Leadership for community engaged research

We are an interdisciplinary community of researchers committed to advancing knowledge and intercultural practices with newcomers, including immigrants, refugees and international students. We are united in our efforts to improve the lives of newcomers in areas ranging from education, to health and well-being, healthcare, service access, settlement and integration.

The network offers a space where researchers and community groups can connect and explore research ideas and topical issues from multiple perspectives. Our collaborative platform is designed to promote understanding and encourage members to explore and address the complex needs and experiences of newcomer Canadians.

Our vision

UCalgary as a world leader for research on newcomer integration and the promotion of intercultural competence.

Research that is informed and endorsed by newcomer communities and community-based partnerships.

Cultural understanding as a form of literacy for collaborative and cross-cultural communication

Recent publications

Latest publications in the health and social care, resettlement and integration, education, and community engagement by the Newcomer Research Network researchers.


Health-wellness resources on Canadian immigrant service providers' websites

Immigrant service provider organizations (SPOs) are often immigrants’ first point of contact to Canadian systems, such as job, education, health and social care, and housing. Among the 1453 SPO websites identified, only 289 (35.9%) had health-wellness information in their web-contents. Of the websites with health-wellness contents, “lifestyle and wellness resources” were present on 86.5% and “healthcare system resources” were present on 80.6% of the websites. Regarding “navigability”, zero to two mouse clicks were required to access health-wellness resources on 94.8% of the websites; however, more than one language option was very limited, available on less than a quarter of websites.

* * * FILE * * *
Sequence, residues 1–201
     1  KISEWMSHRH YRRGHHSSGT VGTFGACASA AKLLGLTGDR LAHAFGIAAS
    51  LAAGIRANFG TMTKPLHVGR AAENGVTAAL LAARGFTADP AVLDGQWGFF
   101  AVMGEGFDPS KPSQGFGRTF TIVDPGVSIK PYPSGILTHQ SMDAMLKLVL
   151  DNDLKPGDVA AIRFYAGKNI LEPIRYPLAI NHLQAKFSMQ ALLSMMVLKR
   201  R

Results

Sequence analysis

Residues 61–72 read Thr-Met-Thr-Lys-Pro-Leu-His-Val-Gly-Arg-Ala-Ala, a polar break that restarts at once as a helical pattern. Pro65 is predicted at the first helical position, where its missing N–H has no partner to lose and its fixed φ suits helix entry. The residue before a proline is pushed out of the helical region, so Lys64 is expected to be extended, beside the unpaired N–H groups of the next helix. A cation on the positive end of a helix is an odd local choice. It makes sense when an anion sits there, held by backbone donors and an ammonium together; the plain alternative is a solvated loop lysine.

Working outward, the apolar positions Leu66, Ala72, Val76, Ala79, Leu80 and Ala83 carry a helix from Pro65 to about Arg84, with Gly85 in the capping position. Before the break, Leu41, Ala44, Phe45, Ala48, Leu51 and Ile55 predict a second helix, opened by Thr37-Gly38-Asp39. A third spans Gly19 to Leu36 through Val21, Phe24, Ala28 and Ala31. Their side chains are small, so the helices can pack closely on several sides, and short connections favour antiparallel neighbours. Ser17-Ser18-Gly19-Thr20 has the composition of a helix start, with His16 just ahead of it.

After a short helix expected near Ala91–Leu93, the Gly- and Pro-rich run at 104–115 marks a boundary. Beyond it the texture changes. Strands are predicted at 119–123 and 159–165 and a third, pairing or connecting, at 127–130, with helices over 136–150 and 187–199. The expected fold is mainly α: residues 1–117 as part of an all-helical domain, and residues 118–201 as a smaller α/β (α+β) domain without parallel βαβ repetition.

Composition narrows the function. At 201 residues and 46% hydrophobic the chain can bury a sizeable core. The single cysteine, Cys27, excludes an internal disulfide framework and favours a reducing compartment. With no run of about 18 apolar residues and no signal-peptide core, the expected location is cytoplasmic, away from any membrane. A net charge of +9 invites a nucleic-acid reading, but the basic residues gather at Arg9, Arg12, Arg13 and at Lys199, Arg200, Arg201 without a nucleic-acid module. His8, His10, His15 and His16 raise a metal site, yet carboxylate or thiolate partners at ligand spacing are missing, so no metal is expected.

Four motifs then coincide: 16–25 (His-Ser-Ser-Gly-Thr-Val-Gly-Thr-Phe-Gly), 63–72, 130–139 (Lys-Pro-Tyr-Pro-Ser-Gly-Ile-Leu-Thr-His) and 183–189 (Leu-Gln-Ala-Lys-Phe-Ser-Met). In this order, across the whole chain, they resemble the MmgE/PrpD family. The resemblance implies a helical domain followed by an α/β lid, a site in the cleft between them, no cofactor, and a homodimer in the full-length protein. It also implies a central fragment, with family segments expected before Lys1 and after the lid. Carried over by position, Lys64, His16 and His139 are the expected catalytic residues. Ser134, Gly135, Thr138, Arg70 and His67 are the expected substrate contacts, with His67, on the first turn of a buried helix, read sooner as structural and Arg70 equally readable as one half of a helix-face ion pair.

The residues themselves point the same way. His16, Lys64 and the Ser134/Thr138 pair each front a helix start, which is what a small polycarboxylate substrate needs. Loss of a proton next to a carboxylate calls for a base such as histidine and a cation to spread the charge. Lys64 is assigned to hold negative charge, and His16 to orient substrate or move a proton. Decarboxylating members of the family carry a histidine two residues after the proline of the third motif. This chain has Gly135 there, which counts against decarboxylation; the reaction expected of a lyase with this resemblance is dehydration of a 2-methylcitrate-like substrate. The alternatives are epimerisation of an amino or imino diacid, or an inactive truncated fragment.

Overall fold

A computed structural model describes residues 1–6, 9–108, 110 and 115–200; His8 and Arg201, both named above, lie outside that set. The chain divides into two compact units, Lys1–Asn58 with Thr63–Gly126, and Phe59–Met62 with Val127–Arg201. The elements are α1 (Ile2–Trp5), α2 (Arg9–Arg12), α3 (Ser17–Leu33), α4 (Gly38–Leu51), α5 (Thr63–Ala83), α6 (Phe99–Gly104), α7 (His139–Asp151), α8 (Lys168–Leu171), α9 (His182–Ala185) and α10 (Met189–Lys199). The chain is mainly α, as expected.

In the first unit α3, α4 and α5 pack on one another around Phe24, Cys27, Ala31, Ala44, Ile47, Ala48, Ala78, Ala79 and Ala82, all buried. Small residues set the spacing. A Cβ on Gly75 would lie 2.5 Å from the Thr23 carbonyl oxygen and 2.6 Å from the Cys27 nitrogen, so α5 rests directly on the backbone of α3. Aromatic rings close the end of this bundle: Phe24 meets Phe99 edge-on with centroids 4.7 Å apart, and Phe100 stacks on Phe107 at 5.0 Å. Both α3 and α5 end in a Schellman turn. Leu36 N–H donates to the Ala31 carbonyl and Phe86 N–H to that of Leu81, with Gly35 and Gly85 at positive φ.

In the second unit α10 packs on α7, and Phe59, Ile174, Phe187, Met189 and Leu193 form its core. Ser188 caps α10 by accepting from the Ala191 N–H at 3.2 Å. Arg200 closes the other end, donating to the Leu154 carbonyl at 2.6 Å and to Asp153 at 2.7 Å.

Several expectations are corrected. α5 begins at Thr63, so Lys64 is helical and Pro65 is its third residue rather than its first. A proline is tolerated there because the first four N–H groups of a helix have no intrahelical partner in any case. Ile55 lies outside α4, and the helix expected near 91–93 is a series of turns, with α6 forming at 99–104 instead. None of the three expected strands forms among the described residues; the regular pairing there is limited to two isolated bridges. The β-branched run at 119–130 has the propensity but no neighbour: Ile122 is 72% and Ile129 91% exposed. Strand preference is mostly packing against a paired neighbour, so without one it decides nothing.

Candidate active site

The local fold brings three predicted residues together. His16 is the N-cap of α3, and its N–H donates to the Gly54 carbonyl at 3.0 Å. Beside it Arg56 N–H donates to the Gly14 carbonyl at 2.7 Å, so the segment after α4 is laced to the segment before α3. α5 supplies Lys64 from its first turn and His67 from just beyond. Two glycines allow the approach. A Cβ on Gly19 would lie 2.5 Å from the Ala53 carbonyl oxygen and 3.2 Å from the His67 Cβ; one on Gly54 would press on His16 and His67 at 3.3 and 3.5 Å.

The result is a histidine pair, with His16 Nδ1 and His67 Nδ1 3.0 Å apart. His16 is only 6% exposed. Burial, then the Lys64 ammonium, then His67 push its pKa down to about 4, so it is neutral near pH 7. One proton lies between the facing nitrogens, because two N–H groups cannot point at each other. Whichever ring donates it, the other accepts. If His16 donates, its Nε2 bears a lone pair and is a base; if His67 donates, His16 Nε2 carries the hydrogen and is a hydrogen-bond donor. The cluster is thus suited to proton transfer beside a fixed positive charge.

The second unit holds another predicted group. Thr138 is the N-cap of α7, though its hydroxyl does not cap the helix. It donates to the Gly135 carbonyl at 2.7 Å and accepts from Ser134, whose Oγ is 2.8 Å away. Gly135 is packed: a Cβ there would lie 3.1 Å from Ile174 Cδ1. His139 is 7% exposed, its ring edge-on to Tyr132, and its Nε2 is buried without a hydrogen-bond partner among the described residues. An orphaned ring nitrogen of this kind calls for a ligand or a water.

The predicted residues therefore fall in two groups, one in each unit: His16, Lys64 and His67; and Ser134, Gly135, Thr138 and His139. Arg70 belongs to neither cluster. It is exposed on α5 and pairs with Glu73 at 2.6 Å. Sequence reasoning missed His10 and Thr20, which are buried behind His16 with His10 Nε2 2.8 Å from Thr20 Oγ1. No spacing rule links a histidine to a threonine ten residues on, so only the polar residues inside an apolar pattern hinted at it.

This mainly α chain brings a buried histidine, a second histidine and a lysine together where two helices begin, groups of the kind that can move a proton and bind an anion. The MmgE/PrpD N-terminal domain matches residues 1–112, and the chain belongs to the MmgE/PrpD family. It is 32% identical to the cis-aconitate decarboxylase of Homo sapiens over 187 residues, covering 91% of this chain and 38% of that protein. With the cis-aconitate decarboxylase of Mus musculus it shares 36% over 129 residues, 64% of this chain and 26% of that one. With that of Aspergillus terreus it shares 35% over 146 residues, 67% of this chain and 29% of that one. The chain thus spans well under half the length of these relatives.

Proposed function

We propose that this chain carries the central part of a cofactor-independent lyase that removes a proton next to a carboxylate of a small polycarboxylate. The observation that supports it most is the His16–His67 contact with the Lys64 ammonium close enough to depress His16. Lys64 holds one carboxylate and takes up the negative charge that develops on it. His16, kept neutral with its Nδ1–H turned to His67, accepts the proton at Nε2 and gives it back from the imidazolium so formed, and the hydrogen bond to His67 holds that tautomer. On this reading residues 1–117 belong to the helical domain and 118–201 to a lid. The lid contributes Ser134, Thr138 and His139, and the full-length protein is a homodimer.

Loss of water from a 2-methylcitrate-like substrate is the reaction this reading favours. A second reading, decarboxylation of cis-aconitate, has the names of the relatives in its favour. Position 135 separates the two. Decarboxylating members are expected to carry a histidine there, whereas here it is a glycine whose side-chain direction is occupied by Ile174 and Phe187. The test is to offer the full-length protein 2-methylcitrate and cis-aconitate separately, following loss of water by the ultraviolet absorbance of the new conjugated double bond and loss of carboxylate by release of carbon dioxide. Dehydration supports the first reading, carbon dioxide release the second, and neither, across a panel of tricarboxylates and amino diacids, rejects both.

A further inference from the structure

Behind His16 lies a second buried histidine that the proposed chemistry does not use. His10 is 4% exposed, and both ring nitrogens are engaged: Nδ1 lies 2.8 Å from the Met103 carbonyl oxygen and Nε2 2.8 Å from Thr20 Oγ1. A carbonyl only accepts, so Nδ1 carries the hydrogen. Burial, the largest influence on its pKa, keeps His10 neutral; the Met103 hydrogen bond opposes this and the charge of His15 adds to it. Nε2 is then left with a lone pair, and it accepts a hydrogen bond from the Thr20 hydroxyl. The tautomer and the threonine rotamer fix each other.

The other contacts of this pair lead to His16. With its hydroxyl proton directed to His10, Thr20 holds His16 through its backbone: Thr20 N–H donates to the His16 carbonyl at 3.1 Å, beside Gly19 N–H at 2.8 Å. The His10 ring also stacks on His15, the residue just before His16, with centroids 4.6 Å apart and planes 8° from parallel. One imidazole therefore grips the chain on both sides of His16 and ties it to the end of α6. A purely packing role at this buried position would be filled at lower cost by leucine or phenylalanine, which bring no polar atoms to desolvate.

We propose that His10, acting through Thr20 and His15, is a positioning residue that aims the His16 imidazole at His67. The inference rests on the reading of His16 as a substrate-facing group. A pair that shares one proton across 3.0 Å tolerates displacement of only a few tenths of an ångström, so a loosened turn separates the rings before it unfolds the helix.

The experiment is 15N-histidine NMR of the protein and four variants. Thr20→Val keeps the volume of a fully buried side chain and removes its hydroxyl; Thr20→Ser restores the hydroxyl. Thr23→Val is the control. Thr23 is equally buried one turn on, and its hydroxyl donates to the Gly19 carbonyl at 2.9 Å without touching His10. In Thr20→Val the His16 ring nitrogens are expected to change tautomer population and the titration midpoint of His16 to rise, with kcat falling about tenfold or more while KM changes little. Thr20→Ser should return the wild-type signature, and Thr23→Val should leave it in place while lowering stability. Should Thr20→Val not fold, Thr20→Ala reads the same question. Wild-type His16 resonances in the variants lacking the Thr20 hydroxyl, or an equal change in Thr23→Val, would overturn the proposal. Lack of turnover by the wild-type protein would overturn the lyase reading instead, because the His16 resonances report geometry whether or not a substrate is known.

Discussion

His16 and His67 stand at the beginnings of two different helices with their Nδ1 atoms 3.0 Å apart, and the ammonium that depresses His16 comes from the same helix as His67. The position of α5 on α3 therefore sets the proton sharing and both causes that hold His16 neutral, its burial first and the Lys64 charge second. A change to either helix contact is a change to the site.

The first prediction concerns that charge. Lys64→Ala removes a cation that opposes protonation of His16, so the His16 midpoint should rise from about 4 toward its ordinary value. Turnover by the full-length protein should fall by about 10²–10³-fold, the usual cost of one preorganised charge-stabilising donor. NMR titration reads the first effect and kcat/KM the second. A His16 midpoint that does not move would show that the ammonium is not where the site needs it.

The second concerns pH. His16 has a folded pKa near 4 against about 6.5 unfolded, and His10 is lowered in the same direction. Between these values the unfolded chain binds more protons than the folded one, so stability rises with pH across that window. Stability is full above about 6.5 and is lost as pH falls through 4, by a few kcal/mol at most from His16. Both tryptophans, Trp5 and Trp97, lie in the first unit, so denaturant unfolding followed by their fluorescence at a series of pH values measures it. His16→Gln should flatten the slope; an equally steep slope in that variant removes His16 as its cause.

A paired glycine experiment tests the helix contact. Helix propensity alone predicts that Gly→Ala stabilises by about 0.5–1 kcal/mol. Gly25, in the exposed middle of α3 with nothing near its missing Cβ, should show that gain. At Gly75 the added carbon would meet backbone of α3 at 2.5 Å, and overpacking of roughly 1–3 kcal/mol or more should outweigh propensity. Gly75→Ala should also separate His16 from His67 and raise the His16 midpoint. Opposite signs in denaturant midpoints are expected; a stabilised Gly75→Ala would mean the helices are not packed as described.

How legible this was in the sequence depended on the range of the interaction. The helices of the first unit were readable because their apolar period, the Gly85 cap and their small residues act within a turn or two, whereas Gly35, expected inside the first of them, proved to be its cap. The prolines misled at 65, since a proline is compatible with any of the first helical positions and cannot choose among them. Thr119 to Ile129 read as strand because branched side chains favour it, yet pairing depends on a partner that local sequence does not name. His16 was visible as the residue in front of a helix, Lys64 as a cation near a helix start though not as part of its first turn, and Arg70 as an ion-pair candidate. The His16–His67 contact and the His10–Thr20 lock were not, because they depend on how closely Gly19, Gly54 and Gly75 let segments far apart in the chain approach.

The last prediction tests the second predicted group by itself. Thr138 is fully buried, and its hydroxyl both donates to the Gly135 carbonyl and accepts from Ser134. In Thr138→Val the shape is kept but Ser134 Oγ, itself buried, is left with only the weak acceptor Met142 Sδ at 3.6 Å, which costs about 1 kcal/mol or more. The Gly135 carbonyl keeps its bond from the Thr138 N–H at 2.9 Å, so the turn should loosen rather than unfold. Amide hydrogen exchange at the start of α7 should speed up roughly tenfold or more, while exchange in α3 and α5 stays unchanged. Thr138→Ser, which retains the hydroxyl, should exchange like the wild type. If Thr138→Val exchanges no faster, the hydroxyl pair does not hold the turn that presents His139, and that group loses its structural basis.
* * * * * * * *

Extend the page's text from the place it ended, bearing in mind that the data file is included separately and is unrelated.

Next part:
Highly Educated Immigrant Workers’ Perspectives of Occupational Health & Safety

A recent study examined the perspectives of newly arrived immigrant workers on health and safety issues as well as factors that make workers more likely to get sick or injured. Forty-two new immigrant workers from a variety of industries working in Calgary and Alberta were interviewed using an interpretative research method and semi-structured qualitative interviews. The study found that in many workplaces, poor job training, little worker support, lack of power in the workplace, and a poor workplace safety culture make it difficult for workers to acquire occupational health and safety information and to implement safe work practices.


Employment Patterns of International Medical Graduates in Alternative Jobs

Result from a nation-wide online survey of International medical graduates found that, 43.19% were employed and 56.81% were unemployed. Employed participants were more likely to be older males, have stayed longer in Canada, and had more senior-level job experience before moving to Canada. The majority of the IMGs were employed in health-related nonregulated jobs (50.45%). The results were consistent across other demographic characteristics, including different provinces, countries of origin, gender, time since graduation, and length of stay in Canada.

Find out more recent publications by NRN researchers

Publications (2022)

Publications (2021)

Publications (2020)

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Are you a community organization or researcher working with newcomers? Contact the Newcomer Research Network to learn more about research activities and to connect with researchers. The network is open to faculty members university-wide who have an interest in newcomer research. Members meet regularly to explore opportunities for new research partnerships, funding and community engagement.

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